Should The Dog Be Allowed On The Bed?
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Should the dog be allowed on the bed? Allowing a dog to sleep in your bed affects the behavior and comfort of the dog and the people. I think it is always best to make these types of decisions from a long term perspective.
Very small dogs are at risk when in a human bed. If they fall or jump off the bed, they can be seriously injured or even die. The people can also roll over onto the dog and injure or kill a very small dog.
Very active, light sleeping dogs keep shifting around in the bed and can keep you from getting a good night’s sleep. Active dogs, even if they have had sufficient exercise during the day, still get up and move around frequently throughout the night.
Very large dogs tend to work their way into the most comfortable, center portion of the bed. So, you wake up the next morning in a sleeping position that looks like someone enrolled you in an advanced yoga class. You look like a pretzel, and feel sore all over.
Older dogs, or dogs with physical disabilities, can’t get up or off the bed. And if they are sore, they can start growling or even biting if you try to move them.
Comfort loving dogs can become aggressive if made to move from the spot they have settled in. This can cause your dog to bite you, another person, or to attack the family cat or another dog in the bedroom.
Protective dogs tend to get even more protective over the people they sleep with. This can be good for someone who needs a dog to be more closely bonded and watchful, but not so good if the dog bonds to only one person in the bed, and then will use aggression to keep others off the bed and out of the bedroom. Status seeking dogs do something similar, and the especially close relationship that develops between the dog and the person the dog sleeps with, can provoke aggression with other people, dogs, and cats in the home.
Intact dogs, especially male dogs, which are allowed to sleep in the bed can get a bit too frisky with the humans when the humans have sex in the bedroom. So, with those dogs, you need to get them off the bed, and even sometimes out of the bedroom, when making love. Otherwise, they’ll interfere with what you are doing. Dogs, birds, and other animals can imprint sexually on humans. That sounds gross, but it is true. They are animals, and they are affected by how we raise them. For example, a hand raised bird can sexually imprint on a human. Such a bird may get along with other birds of it’s kind, but often won’t mate with them, and even if they do mate with another bird, they will abandon that other bird and the chicks in the nest, if they imprinted on humans as a chick, and a person they bonded to as a chick gets near. Something similar, but not as intense, can and does happen with intact dogs, especially if they were adopted from the litter before 3 weeks of age. Imprinting isn’t abnormal. It is a normal thing, and it is partly why dogs can live with humans. Whenever you tame or domesticate an animal, this is part of what happens. So, don’t get all weird about this. But, it can be a behavioral issue in the home, and there’s no reason for making things worse. Keep them off the bed all the time so it doesn’t become a habit to sleep there.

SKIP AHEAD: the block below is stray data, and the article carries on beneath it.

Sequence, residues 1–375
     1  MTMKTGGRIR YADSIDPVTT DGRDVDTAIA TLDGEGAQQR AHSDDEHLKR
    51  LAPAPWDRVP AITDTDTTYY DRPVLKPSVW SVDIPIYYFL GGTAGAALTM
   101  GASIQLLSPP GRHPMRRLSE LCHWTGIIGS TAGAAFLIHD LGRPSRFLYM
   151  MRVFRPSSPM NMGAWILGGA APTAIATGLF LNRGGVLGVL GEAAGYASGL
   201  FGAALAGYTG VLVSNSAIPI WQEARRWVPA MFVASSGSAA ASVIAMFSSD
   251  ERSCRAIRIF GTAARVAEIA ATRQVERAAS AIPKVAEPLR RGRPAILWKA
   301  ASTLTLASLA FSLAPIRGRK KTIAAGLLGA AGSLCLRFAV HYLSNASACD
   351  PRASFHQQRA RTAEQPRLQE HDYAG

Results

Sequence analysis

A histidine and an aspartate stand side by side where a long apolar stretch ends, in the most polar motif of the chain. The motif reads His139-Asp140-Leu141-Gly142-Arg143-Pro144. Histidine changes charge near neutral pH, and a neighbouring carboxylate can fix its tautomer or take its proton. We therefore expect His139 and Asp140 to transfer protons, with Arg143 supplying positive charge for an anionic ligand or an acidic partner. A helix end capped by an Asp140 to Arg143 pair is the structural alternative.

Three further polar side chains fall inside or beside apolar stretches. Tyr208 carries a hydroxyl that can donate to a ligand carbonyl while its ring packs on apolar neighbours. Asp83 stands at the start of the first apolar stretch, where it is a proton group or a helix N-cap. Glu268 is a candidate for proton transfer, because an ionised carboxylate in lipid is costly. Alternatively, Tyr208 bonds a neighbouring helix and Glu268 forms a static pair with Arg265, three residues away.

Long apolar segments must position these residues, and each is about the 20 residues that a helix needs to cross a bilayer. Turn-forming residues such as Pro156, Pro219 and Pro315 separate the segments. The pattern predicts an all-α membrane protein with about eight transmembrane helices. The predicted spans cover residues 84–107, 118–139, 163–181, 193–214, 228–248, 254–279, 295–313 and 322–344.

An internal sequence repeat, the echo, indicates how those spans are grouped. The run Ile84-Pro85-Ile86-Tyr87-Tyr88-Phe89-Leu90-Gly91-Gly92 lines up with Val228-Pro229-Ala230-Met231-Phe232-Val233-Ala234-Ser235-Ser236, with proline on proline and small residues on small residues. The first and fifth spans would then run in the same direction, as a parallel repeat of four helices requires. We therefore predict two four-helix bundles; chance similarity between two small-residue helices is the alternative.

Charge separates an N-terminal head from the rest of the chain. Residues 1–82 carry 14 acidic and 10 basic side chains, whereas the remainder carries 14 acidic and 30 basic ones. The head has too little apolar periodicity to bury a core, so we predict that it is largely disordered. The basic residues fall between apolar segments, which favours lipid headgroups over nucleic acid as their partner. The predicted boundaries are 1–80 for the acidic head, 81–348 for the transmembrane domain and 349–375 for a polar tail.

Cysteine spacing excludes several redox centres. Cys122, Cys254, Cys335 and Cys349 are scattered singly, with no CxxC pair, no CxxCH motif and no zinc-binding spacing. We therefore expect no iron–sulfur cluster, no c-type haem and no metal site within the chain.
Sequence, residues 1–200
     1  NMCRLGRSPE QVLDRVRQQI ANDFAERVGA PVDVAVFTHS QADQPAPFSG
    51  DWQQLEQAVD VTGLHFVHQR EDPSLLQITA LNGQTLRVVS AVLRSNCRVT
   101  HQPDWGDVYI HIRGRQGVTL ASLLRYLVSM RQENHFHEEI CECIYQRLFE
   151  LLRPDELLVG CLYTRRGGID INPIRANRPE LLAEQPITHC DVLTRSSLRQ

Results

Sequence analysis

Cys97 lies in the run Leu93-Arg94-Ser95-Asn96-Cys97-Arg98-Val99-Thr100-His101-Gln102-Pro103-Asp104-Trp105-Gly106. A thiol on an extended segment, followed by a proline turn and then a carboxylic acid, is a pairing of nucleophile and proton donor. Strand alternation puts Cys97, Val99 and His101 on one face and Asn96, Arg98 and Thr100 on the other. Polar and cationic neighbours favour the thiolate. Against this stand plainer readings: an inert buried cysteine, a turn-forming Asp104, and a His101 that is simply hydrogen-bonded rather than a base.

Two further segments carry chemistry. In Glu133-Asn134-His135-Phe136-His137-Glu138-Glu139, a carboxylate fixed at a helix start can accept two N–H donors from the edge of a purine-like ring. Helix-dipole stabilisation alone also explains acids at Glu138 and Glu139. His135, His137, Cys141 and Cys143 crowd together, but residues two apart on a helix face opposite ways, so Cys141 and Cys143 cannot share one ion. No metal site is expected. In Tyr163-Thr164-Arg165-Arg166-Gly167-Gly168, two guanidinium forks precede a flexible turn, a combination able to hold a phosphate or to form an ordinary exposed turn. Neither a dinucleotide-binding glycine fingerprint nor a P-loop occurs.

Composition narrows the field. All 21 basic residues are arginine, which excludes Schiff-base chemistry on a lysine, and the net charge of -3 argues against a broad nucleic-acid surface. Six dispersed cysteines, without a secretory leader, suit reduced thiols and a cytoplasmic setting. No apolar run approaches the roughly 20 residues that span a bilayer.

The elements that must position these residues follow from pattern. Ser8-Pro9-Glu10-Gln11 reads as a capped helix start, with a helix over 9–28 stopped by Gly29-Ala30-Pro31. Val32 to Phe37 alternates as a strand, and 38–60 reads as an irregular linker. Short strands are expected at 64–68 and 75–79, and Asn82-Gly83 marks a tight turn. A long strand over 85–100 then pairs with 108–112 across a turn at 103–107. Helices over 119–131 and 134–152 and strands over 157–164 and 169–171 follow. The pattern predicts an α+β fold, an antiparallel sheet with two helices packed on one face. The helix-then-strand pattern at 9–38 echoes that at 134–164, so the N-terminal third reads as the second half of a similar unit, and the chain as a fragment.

Dogs that travel a lot get dirty laying on hotel carpets and floors. So, for some, it is cleaner to have the dog sleep on the bed or on a dog bed. And some dogs are just smellier and dirtier than others. Some dogs have coats that are dirt magnets. Some dogs have very oily coats that make the bed smell too “doggy”. Some people are more allergic to dogs than others, so that needs to be considered.
Multiple dogs intensify all of these effects, and for some dogs all of these effects are happening at the same time.
Some dogs are very uncomfortable sleeping on a hard floor, or a floor with an uncomfortable temperature, so they need something soft for a bed. And if they can’t find a place on the floor, they will be up on the bed.
Young children should never be left unsupervised with a dog, including in the bed or bedroom. A child should be at least 10 years old before a dog is allowed to sleep in the bedroom.
So, it is up to you. I have allowed dogs to sleep in bed with me, and I’ve done the opposite. I have decided that, overall, it is best to provide a dog bed, on the floor, for the dog, and to keep them off the bed. All this advice also applies to your other furniture: chairs, sofa, and so forth. I know people like the closeness of having a dog beside them, but I believe there are too many downsides.
Sam Basso is a professional dog trainer and behaviorist, in the Phoenix/ Scottsdale metropolitan area. He’s known for being fun, kind, intelligent, and humane. Sam Basso has a unique personal touch. He has appeared on his own TV show, been a guest radio expert, gives seminars, publishes a dog related blog, does rescue volunteering, and is active in promoting animal welfare and fair dog laws.
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